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story.lead_photo.caption Wednesday was Lincoln University Day at the Capitol, the day where representatives of the university either set up booths to showcase their field of study or lobbied legislators for awareness and funding. To that end, Austen Dudenhoeffer, left, GIS technician for the university, and master's degree student Ethan Zhao discuss the use of drones in agricultural mapping. Photo by Julie Smith / News Tribune.

Members of Lincoln University's community on Wednesday displayed the university's research and extension work at the Missouri Capitol and met with lawmakers — in a bid to garner support for more funding.

"All of these things require some funding," Clement Akotsen-Mensah said of LU's initiatives as he presented the Lincoln University Cooperative Extension's Integrated Pest Management Program's work to develop economically and environmentally sustainable management techniques for the brown marmorated stink bug, cucumber beetle, Japanese beetle, spotted lanternfly and spotted wing drosophila.

The spotted lanternfly invasive insect is the only bug of the group that's not already in Missouri — and Akotsen-Mensah would like to keep it that way.

Akotsen-Mensah is the LU Cooperative Extension's state extension specialist in integrated pest management.

To address the spread of the also invasive brown marmorated stink bug, he said, the hope is to find a native parasitoid — an insect, such as a certain kind of wasp that has parasitic larvae that live on or in a pest host and kill it.

Akotsen-Mensah said he has been working with LU since September, and he was attracted by the university's small size, diversity and focus on working with small-scale farmers.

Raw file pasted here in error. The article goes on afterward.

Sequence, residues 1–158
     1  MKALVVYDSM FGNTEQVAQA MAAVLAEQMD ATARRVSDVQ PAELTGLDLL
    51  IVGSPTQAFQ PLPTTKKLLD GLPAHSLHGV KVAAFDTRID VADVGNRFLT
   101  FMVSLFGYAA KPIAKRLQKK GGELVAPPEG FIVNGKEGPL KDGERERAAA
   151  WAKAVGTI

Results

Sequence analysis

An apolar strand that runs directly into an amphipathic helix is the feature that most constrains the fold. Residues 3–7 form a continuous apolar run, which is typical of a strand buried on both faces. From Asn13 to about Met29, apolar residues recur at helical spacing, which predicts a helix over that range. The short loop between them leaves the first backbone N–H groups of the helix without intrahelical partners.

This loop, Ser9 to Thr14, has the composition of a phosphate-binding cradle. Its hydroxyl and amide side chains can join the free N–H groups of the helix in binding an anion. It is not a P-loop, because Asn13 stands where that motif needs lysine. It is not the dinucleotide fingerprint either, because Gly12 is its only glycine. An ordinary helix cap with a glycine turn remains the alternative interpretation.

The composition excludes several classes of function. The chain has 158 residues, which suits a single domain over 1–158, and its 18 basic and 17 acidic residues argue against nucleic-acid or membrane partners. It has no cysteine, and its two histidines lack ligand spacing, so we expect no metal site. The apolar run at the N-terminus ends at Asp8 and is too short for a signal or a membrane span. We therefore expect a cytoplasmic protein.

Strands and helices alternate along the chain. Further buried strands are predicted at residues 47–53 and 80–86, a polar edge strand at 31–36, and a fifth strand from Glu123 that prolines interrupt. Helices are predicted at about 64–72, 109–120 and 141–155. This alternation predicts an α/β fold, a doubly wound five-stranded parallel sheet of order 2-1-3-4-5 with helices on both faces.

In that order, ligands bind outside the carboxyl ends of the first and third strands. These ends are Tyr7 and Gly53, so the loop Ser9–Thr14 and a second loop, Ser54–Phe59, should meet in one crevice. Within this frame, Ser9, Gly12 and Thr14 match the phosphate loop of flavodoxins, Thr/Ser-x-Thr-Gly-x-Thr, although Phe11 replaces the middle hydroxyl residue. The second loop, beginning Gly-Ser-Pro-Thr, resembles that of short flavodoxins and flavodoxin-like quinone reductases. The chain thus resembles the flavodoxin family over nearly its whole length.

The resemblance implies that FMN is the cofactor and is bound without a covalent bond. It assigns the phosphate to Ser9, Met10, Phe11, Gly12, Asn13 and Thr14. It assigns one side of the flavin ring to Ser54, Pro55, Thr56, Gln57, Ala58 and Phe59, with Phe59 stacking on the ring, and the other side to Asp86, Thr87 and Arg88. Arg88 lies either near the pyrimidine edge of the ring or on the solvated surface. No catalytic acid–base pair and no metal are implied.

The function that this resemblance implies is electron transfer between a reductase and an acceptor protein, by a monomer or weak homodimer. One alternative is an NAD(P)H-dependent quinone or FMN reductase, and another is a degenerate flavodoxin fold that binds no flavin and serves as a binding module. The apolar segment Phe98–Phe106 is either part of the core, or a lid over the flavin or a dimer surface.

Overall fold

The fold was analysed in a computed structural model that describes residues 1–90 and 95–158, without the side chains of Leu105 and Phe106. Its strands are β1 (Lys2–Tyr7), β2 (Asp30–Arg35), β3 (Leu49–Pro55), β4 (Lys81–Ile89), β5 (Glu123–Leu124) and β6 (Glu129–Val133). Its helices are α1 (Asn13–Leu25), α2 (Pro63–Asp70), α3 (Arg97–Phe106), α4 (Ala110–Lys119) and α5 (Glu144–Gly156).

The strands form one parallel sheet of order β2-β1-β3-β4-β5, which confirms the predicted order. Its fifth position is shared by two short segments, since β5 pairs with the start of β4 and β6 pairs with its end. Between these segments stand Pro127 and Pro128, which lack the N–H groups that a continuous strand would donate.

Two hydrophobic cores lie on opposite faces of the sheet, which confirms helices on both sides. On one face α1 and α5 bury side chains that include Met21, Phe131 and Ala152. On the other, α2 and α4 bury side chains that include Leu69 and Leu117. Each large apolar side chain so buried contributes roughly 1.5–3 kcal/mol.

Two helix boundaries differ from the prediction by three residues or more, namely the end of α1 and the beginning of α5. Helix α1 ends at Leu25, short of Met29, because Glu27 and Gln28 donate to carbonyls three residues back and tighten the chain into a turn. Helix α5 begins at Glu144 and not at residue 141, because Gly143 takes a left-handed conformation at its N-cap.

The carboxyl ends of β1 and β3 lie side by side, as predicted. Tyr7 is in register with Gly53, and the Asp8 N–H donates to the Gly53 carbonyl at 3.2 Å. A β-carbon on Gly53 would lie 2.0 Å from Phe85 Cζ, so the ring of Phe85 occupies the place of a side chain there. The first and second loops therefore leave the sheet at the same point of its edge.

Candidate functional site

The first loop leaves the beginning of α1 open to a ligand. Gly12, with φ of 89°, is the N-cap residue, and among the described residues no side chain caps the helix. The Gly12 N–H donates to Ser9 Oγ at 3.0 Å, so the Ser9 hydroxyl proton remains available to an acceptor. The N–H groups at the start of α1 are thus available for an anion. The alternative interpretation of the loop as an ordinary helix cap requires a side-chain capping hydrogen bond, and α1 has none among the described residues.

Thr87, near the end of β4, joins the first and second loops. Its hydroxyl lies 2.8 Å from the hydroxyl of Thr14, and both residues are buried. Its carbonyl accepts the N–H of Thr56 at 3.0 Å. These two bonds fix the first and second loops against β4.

Agricultural research and outreach was not the only kind of work on display Wednesday.

Lauren Carter and Brianna Kliethermes showcased the Missouri Small Business Development Center at LU, which has served 184 active clients in Cole, Miller, Moniteau and Osage counties since opening in April 2019.

Client small businesses and entrepreneurs are offered free counseling by the federally funded program in getting a business off the ground.

Carter said it's a huge challenge at the moment for employers to find a skilled workforce, and the center's work aligns with Gov. Mike Parson's workforce development goals.

In addition to showcasing their work, LU staff also met with legislators Wednesday. The schedule included meetings with the speaker of the House, Senate president pro tempore, House and Senate budget and appropriations chairs, and Senate majority leader.

LU seeks a full state match to its 1890 federal land grant funding.

LU President Jerald Woolfolk told the Senate's appropriations committee last month that the university had only a 52 percent match from the state.

When LU does not receive a full state match, money has to be returned to the federal government.

"The university has had to return $17.3 million since 2000, the year match requirements were implemented for 1890 institutions. Returns happened in various years," LU spokeswoman Misty Young said.

LU had been allocated $7.3 million in the federal fiscal year 2020, which is Oct. 1, 2019, through Sept. 30, 2020, Young added. The state had given $3.77 million for the state fiscal year 2020, which is July 1, 2019, through June 30, 2020.

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